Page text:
Maurice DENIS | Landscape with green trees (Green trees) (Procession under the trees) [Paysage aux arbres verts (Les arbres verts) (La procession sous les arbres)]

Maurice DENIS
France 1870 – 1943

Landscape with green trees (Green trees) (Procession under the trees)
[Paysage aux arbres verts (Les arbres verts) (La procession sous les arbres)]
1893
oil on canvas
canvas 46.0 (h) x 43.0 (w) cm
Musée d'Orsay, Paris , Accepted in lieu of tax 2001
© RMN (Musée d'Orsay) / Hervé Lewandowski

Denis first studied art at the Lycée Condorcet, along with Vuillard and Roussel. Then, in 1888 he attended the Académie Julian, along with Bonnard and Vuillard. That year he was also accepted at the Ecole des Beaux-Arts.

The tutor at the Julian was Sérusier, and he told his students of the exciting artistic developments being made by Gauguin and his circle at Pont-Aven. Instead of attempting to paint what they saw, they practised an art of the ‘inner eye’.1 Denis was later to recall this new style which so astonished the young artists: ‘Instead of being windows onto the natural world, like the pictures of the Impressionists, these were large, strongly coloured decorative expanses with harsh contour lines …’2

In 1890 these young radicals formed a group calling themselves the Nabis. The term was proposed partially tongue-in-cheek by Sérusier, derived from the Hebrew word nabi meaning ‘prophet’, and coined by Sérusier’s friend, the poet and student of Hebrew, Auguste Cazalis. Initially, it was a term they adopted to amuse themselves as much as anything else. Each member then acquired their own epithet, to highlight their particular interest or personality. Bonnard was dubbed ‘the very Japanese Nabi’. The deeply religious Denis—inspired by the art of Puvis, and before him the Italian artists of the fourteenth and fifteenth centuries, especially Fra Angelico and Sandro Botticelli—came to be known as the ‘Nabi of the beautiful icons’.

The present work is an extraordinary landscape far removed from the tenets of Impressionism. Denis’ ‘inner eye’ sees a landscape that is a dream world, with elegant outlines of beech trees silhouetted against (contre jour) nebulous clouds floating in a blue sky. Gauguin had advised the young artists to pick the most beautiful colours, rather than the colours they might actually see in the external world. Here Denis has chosen the greenest greens and the bluest blues. A group of robed women glides silently through the forest; one has been called by an angel. Through his abstracted, decorative form and ambiguous narrative, Denis has created a landscape of great mystery.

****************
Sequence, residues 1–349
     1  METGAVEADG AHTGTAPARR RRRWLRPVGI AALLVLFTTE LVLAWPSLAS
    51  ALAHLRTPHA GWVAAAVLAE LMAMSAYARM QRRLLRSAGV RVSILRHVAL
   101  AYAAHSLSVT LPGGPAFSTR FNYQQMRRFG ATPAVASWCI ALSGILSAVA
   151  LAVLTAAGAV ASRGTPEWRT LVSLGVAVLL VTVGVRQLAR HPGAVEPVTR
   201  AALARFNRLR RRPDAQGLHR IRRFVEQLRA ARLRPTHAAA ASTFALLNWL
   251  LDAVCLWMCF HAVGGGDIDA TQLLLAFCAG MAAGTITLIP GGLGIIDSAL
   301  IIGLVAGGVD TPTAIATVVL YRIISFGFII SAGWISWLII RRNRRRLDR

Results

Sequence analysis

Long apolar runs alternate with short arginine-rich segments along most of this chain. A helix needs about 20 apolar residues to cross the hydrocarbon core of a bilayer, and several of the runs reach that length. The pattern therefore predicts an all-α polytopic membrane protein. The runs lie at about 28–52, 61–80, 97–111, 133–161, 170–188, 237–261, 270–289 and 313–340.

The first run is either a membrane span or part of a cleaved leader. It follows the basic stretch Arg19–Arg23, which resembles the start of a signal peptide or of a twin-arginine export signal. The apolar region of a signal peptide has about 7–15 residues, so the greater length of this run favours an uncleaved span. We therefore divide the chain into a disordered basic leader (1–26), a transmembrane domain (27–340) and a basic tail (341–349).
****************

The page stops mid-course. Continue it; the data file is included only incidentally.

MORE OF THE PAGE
This painting has also been known as The beech trees in Kerduel. In 1893 Denis married his great love, Marthe, and they spent their honeymoon in Perros Guirec in Brittany. Close by, the Forest of Kerduel was a location noted for its medieval history and stories of King Arthur. Denis had a strong affinity for Brittany, its landscape and sea, claiming: ‘I should be a Breton, too. I’m just a Granvillois: still, it’s on the same bay as Saint-Michel and Saint-Malo.’3 This canvas, therefore, is a celebration of marriage and of a location Denis felt he strongly belonged to. It remained in his possession all his life.

Jane Kinsman

Text © National Gallery of Australia, Canberra 2009
From Masterpieces from Paris: Van Gogh, Cézanne, Gauguin and beyond Post-Impressionism from the Musée d'Orsay exhibition book, National Gallery of Australia, Canberra 2009

  1. G.-Albert Aurier, ‘Le Symbolisme en peinture; Paul Gauguin’, Mercure de France, II, Paris, 1891, quoted in Herschel B. Chipp (trans.), Theories of modern art: a source book by artists and critics, Berkeley: University of California Press 1968, p. 89.
  2. Denis, ‘L’époque du symbolisme’, Gazette des Beaux-Arts, March 1934, quoted in Claire Frèches-Thory and Antoine Terrasse, Mary Pardoe (trans.), The Nabis: Bonnard, Vuillard and their circle, Paris: Flammarion 1990, p. 19.
  3. Granville was in neighbouring Normandy. Quote: Denis, Journal, vol. 1, Paris: La Colombe 1957, quoted in Frèches-Thory and Terrasse, p. 32.